I was going through my first blog to see what I could use a fodder when I came across a link I made to a post.
I went back to read the linked post and it stunned me.
Look at this:
What the iPhone would have looked like if I was Steve Jobs
Social networking would have been front and center. It would have been a social networking device from the ground up. One that — oh, by the way — can also be used as a “telephone” or a “web browser” (yawn). And of course as an iPod and a video player etc.
It would have supported dozens of social networking concepts from the get-go. iTunes would have been expanded to take your user name and passwords for major social networking services, and then it would just suck down all the meta data it needs for the corresponding functions to work on your device.
Or, perhaps even better, Apple would roll out it’s own Web 2.0 alternatives, ones that are fully coordinated with the Mac, with iTunes, with iPods, and with the iPhone.
Photos would automatically sync with your selected photo sharing device. Instant messaging would manage multiple groups and friend lists on top of SMS, hiding control data in SMS messages from you and just showing the socially relevant data.
Location-aware signaling would be built it. The phone would sense if you were in your favorite coffee shop and flag that to friends.
The wifi software would support peer-to-peer; it would let you know what people in your vicinity are listening to; it would include a bunch of multiplayer games that you can play right away with friends (or strangers!) in your vicinity. Or anywhere! In fact, it might include traditional games like chess with direct support for a global iPhone chess ranking.
Calendar would sync with online services, not wait to be connected with a big, ugly PC. It would be extended to support stuff like movies, shows, bands, local events, etc.
Video, of course, with automatic syncing with my own location on the web for storing and editing them.
Messaging would be integrated into a single view, with iconic/font/color indicators to separate news items, blog entries, text messages, chats, etc. You have full control to organize all the streaming sources into one or more distinct “pages”.
Red emphasis added by me.
And here is a fundamental difference between the iPhone — still! — and the Pre:
What struck me already from the early reviews was that Apple seems to fundamentally not understand social networking, and the potential that a brand new mobile platform could have for that. It’s a generational thing, I guess. Steve is even older than I am, and I’m having a real hard time keeping up with the times. Plus he’s busier than I am.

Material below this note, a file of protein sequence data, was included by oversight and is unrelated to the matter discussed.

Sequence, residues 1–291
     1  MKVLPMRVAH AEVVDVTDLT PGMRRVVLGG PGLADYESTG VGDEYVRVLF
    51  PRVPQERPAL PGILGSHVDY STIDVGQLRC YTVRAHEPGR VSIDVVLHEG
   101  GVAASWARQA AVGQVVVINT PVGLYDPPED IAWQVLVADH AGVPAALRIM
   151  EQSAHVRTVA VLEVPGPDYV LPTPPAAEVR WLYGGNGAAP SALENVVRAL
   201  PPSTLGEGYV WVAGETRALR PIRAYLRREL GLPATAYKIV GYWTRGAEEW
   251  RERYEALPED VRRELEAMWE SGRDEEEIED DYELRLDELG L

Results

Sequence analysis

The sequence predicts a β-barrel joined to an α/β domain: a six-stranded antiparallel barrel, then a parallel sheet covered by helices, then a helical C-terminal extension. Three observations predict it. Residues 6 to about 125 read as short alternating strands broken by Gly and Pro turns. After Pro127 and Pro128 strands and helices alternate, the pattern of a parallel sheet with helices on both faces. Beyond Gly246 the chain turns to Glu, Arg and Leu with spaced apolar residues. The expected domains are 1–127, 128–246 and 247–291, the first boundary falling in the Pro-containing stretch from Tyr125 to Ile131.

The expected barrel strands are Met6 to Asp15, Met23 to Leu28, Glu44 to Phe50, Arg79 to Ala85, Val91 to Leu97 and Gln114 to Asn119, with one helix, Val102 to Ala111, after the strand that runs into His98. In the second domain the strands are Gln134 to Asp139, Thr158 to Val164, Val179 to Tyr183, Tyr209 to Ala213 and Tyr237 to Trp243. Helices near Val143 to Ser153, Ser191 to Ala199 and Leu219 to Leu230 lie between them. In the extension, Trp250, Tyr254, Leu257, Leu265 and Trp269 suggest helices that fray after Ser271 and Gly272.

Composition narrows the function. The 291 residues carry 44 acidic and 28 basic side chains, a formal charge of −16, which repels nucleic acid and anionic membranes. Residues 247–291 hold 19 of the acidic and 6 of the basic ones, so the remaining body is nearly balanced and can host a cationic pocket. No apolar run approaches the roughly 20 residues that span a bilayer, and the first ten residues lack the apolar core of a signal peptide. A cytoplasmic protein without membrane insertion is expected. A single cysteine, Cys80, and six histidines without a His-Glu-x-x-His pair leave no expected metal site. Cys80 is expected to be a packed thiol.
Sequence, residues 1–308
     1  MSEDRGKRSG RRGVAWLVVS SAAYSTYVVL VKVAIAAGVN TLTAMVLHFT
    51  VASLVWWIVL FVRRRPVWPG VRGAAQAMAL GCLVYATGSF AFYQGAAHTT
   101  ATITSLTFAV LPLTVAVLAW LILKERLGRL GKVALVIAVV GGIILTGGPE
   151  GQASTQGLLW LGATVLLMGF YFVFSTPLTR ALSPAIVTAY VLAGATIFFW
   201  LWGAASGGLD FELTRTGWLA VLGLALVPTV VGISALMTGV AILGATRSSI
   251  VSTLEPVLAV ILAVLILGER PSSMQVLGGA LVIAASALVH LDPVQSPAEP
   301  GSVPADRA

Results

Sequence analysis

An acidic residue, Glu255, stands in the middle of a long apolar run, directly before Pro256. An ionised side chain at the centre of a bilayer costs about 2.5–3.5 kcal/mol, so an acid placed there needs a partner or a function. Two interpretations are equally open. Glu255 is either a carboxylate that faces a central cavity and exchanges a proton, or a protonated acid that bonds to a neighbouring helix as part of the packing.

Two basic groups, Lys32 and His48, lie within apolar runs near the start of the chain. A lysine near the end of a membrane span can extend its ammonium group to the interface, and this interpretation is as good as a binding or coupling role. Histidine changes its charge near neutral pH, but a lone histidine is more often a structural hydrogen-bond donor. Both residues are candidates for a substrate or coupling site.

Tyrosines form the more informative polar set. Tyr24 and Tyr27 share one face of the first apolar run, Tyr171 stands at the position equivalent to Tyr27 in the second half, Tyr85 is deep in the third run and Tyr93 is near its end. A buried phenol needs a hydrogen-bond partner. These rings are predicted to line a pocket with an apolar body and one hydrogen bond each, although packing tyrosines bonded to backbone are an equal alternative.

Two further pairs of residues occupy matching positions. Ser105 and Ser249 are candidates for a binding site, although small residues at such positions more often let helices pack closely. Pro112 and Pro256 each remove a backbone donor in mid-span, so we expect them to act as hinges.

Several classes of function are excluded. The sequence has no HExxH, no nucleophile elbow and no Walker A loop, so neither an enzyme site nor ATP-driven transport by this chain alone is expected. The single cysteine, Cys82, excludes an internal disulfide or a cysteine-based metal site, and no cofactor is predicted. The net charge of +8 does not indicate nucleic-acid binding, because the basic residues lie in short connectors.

Unless you’ve been spending time with all the new communication flavors out there – stuff like Flickr, Twitter, Myspace, Facebook, last.fm, the RSS universe, etc etc – you won’t notice the egregious strategic blunder that Apple is in the midst of making. The mainstream reviewers certainly haven’t picked up on it.
The thing is, the use of mobile devices for social networking is something that has been forced into the current platforms out there. There are all sorts of obscure ways to leverage text messaging infrastructure to support higher semantic notions like chat rooms, instant messaging, bulletin boards, classifieds, etc.
I was actually in the room when Steven Jobs first announced the iPhone at Macworld earlier this year. I was immediately struck by his emphasis of desktop/iPod-oriented features; using the telephone, using the calendar, todo lists, listening to music. That’s the stuff the 1990s generation did, and they do it on their desktops. The 21st century kids – and workers! – have other frameworks. They chat; they blog; they share their music playlists; they listen to internet radio; they play text RPG-like games on wikis; they argue on bulletin boards; they exchange pictures and phone/webcam videos; they watch youtube; they post video responses to youtube.
The new generation doesn’t use the phone. They don’t call somebody to discuss a document. They just change the wiki entry and they know any subscribers to changes will be notified. They chat. They update their emo trackers with mood and location like “wd market, nw” [walking down market, nice weather]; and so forth.
Yeah, they got youtube. But only because Google had bought them. And you can’t post to youtube from the iPhone. Even if you could post, you can’t actually make a video with the iPhone.
You can’t even leave a friggin comment on the youtube service.
And at root is this, he surmises:
Here’s my theory. Apple can only do really interesting products if Steve Jobs understands the end user. And Jobs does not understand the 21st century computer usage paradigm. In this century, people don’t send memos to each other. And that’s what email is – electronic memos.
Whereas outside of Steve Jobs’s view:
Today, people chat; they blog; they share multimedia like pictures, video, and audio; they flame each other on forums; they link with each other in intricate webs; they swap effortlessly between different electronic personae and avatars; they listen to internet radio; they vote on this that and the other; they argue on wiki discussion groups.
Again: I won’t knock the iPhone. But I will say that I think the people behind the Palm Pre understand today’s market in a way Apple has so far not grasped.
And that’s why I find the Palm Pre appealing.